I know, I know – some of you are going to think how’s the M*A*S*H star going to help me be a better communicator? Well, for those of you who don’t know, Alan Alda has a long history in communication. He was the host of PBS’ American Scientific Frontiers and went on to help found the Center for Communicating Science at Stony Brook University. Mr. Alda is an extremely knowledgeable communicator and his book is a great read for those of us in the field.
If I Understood You, Would I Have This Look on My Face? is a charming and fun read. It is full of great reminders and new ways of looking at communication based on Mr. Alda’s impressive career working both as an actor and a communicator. For me, there were three big takeaways, all revolving around a core concept: communication is really about listening.
1. Communication is about listening and learning.
Professional communicators spend a lot of time on key messages and talking points. Yes, it’s important for us to clearly and concisely get our message across. But it’s just as important, if not more important, to hear what our audience has to say. The first chapter of Mr. Alda book is about relating. I’m sure that was no accident. Mr. Alda writes about responsive and contagious listening and being willing to be changed by listening. This concept really struck me. In health communication, we talk about participatory communication – making sure our audience has a voice. But someone having a voice isn’t the same as being heard.
Takeaway 1: Treat your participatory communication as a listening exercise. We need to start thinking about participatory communication both making sure our audience has a chance to speak up, and making sure we listen. And perhaps more importantly, that we are willing to be influenced by what we hear.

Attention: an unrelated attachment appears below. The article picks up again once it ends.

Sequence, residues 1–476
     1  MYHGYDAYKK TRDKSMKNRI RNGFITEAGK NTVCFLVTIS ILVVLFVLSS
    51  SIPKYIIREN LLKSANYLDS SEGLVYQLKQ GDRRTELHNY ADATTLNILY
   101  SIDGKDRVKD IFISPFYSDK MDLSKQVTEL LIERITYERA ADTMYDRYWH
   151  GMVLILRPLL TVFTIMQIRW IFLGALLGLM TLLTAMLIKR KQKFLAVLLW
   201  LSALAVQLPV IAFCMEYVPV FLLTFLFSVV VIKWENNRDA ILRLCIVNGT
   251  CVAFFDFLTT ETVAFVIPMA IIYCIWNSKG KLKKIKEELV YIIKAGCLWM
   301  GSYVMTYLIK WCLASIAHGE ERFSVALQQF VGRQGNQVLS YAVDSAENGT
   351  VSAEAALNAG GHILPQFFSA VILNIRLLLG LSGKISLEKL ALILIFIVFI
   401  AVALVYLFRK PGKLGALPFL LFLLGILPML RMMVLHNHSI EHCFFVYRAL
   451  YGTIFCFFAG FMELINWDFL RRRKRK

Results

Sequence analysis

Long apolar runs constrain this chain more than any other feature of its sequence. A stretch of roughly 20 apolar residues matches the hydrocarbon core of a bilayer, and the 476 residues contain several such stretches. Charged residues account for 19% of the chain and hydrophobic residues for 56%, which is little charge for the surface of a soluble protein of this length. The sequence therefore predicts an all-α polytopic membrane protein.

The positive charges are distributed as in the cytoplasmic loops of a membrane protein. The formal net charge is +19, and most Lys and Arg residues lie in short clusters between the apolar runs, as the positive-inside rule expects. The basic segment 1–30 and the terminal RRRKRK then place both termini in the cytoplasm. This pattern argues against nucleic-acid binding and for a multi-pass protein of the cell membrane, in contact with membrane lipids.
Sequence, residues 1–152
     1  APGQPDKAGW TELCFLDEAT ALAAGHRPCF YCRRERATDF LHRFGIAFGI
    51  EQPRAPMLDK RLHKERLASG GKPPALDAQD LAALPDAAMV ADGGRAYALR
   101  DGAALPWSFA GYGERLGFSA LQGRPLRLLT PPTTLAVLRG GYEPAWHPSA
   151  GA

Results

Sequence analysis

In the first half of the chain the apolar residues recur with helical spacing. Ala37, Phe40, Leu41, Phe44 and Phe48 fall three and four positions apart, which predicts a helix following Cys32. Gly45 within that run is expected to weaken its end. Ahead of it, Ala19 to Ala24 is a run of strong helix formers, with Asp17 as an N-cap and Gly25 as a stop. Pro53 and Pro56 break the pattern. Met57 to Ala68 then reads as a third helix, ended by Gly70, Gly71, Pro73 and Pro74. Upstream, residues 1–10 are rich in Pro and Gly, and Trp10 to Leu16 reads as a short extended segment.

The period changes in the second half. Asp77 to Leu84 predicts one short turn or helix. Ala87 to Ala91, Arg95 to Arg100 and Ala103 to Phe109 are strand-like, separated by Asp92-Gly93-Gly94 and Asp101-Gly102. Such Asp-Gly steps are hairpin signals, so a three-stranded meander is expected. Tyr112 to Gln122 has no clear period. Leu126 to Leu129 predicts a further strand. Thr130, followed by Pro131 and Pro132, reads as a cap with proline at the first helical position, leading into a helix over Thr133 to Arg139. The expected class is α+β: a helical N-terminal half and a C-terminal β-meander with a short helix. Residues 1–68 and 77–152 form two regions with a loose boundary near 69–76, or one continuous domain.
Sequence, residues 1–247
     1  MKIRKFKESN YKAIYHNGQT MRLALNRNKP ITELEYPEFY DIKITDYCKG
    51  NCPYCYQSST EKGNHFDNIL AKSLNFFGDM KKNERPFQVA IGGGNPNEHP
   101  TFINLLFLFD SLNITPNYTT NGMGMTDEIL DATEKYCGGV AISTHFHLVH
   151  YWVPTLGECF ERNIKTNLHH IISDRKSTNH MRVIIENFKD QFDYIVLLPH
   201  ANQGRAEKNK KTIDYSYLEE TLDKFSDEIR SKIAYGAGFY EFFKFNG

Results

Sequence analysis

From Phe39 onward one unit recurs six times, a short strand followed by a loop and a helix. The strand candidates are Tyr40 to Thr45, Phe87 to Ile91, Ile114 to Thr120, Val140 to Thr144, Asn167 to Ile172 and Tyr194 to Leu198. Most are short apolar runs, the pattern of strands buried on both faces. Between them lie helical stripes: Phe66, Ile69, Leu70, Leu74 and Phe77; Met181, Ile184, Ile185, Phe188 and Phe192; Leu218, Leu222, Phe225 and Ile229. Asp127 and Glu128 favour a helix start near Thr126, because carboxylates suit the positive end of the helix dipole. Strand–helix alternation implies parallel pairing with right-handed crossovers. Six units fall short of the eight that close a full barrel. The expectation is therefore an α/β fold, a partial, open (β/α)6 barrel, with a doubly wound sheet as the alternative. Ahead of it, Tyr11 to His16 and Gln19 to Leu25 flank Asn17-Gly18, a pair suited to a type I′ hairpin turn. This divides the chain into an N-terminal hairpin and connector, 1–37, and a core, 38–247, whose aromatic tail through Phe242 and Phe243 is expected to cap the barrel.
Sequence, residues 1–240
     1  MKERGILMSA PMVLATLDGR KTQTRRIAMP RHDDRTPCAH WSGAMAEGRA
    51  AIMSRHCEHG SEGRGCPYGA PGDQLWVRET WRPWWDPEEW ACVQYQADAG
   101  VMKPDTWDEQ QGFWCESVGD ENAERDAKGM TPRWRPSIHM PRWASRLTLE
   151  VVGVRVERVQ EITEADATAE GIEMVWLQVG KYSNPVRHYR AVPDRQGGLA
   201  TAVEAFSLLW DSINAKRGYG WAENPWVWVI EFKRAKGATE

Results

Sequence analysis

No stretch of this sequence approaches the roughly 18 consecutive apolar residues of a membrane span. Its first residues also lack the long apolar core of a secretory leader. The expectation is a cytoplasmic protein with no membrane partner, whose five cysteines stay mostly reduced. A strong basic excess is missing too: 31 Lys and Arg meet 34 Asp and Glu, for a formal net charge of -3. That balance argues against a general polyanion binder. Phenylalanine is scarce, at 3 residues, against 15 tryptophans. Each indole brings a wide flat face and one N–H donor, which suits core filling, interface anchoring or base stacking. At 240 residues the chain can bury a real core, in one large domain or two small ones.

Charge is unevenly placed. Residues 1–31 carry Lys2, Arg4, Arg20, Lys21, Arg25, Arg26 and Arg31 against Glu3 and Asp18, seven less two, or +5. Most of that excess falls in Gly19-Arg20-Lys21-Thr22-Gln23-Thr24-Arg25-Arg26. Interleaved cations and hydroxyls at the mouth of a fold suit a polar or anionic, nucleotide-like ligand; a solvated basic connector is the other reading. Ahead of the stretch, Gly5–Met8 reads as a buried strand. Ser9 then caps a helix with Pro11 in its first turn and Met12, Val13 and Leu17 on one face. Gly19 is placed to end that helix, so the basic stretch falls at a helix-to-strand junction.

2. A great communicator needs IQ and EQ.
An empathetic listener understands the experiences of her audience. Often times, particularly when communicating about science, we stick solely to the facts. Unfortunately, we often do it a way that, while accurate, is totally uninteresting and unclear to our audiences. It’s no wonder we are having a “facts backlash” today. People don’t understand what we’re saying and may feel like language is being used to divide the “more learned” from the “less learned”.
Communication should be a bridge, not a divider. Mr. Alda writes about understanding the person you are speaking with, including emotionally. We should understand how a person feels about an issue and why does it matters (or not) to them.
Takeaway 2: Don’t be afraid to inject emotion into communication. Most people understand and make their decisions about how they feel, not about the facts presented. While facts are very important, what those facts mean to someone is far more important.
3. Communication is about more than words.
Mr. Alda spends time in the book on improvisation acting techniques. Improv is sort of a brilliant way of thinking about communication. It’s brilliant because communication is so much more than words. Communication is also about body language, inflection, facial expressions. Improv uses these cues to help the actor understand the “scene”. This way, an actor can do more than just react – he can be a part of the scene. As communicators, we should be doing the same, working to be a part of a conversation rather than talking at each other.
Takeaway 3: Make sure you communicate with all your senses. We need to be aware and present when communicating. By listening with our eyes and not just our ears we will hear much more.
This year has been tough, and communication has been turned upside down with alternative facts, fake news and the like. This is a great book to end the year on – its entertaining, but also a great reminder of the importance of what we do, why it matters to do it well, and how to do it better.
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